The low sensitivity of the commercial ELISA tests may also be due to a loss or masking of epitopes in the corresponding antigens due to glycosylation and other post-translational modifications. Indeed, carbohydrates epitopes have been found to be the target of a substantial part of host immune responses to other parasites [31, 32]. In the case of T. cruzi, a recombinant trypomastigote surface protein presented a low sensitivity for the serologic diagnostic of infection when compared to an indirect immunofluorescence assay [33], which may indeed be due to a lack of post-translational modifications of the protein produced in Escherichia coli. Glycosylation and hydroxylation have also been found to modulate the reactivity of T. cruzi glycosphingolipids fractions with human sera from Chagasic patients [34].

As previously, western blot was found to be a very good method for the confirmation of the reactivity of serum samples against T. cruzi antigens [35]. Importantly, it confirmed the reactivity of the serum samples against a wide variety of parasite strains, covering a large diversity of local DTUs, as well as strains from other geographic regions. Although the recognition pattern somewhat varied according to the strain used, all parasite extracts were clearly recognized by all serum samples tested. Nonetheless, western blot remains a test difficult to perform on large numbers of samples and for routine diagnostic/confirmation. In addition, only continuous epitopes are detected in western blots since proteins are denatured, while ELISAs rely on native proteins, which may result in a higher non-specific background. Tests based on T. cruzi excreted-secreted antigens (TESA) have also showed to be good for confirmation of inconclusive serologies [20, 24, 36], but also share the limitation of been difficult to apply to large number of samples.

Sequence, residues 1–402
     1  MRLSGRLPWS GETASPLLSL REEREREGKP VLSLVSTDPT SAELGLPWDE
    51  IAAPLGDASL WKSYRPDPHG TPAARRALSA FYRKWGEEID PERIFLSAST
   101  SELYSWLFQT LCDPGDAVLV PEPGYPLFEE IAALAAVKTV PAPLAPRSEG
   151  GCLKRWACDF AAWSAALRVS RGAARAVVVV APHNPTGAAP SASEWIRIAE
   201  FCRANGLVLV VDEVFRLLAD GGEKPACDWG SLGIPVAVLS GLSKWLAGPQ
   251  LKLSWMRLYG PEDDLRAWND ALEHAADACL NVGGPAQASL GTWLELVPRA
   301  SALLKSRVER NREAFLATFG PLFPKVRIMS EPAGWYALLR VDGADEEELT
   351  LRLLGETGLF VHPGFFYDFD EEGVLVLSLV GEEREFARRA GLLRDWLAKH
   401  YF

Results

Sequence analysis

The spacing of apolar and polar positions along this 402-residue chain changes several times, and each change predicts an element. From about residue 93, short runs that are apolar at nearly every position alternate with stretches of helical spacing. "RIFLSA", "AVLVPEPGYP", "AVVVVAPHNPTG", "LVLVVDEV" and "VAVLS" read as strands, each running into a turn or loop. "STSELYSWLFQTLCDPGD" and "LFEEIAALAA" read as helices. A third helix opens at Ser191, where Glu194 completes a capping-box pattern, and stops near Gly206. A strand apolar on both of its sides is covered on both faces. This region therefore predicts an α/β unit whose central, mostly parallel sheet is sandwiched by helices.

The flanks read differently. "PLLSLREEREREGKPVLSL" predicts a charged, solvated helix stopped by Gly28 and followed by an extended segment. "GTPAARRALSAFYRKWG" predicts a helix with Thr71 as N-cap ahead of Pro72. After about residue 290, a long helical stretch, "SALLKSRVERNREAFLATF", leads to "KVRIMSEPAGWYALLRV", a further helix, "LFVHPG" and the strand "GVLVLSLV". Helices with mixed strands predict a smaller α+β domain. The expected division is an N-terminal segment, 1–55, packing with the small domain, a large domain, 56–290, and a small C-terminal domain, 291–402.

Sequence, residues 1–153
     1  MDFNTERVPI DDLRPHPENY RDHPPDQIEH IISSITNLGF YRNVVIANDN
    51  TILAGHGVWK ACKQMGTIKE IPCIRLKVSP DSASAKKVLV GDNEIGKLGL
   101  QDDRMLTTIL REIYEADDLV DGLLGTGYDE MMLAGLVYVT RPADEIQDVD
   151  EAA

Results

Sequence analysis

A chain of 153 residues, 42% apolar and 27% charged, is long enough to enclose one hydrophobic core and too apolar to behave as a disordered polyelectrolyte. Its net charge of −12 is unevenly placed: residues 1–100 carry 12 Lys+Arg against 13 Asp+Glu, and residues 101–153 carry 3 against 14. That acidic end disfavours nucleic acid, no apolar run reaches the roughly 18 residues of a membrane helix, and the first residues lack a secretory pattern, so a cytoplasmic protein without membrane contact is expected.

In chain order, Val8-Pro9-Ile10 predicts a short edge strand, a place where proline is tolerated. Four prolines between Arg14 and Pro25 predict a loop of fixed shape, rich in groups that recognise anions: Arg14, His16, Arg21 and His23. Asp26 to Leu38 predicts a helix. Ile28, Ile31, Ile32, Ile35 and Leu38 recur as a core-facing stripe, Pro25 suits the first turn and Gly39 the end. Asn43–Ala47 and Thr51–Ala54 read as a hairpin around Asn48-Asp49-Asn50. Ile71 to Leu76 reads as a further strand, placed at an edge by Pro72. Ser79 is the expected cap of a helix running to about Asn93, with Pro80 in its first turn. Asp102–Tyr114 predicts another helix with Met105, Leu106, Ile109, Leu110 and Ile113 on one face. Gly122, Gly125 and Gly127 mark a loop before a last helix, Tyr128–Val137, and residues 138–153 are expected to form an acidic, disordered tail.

Improvement in current commercial ELISA tests is thus strongly needed. However, even the in-house ELISA test based on a local strain was unable to detect 11 T. cruzi positive serum samples (5.6 %), which were detected with the CL-Brener crude antigen or the NovaLisa® Chagas IgG tests. This suggested that the LJ01 parasite extract still did not include a repertoire of antigenic proteins that covered the entire T. cruzi diversity in the region. While the genetic diversity of T. cruzi was thought to be limited in Mexico, with TcI as the predominant DTU [37], several recent studies have found that other DTUs are also present and with high frequencies in both Mexico (TcII, TcIII, TcIV and TcV) and the United States (TcII) [3840]. Thus, the identification and characterization of new parasite-specific antigens and epitopes [4144] covering a wider range of the parasite antigenic profile may lead to the development of more specific and sensitive ELISA tests. Indeed, greater attention to parasite diversity should be considered for diagnostic development, similarly to what has been suggested for drug development [45]. Multiplex serology based on panels of novel recombinant proteins may provide an optimum diagnostic tool [46, 47], but need to be adapted to a test format that is easy to perform for the processing of large number of samples. In addition, the use of recombinant proteins expressed in eukaryotic systems, and thus with post-translational modifications, may improve their diagnostic accuracy.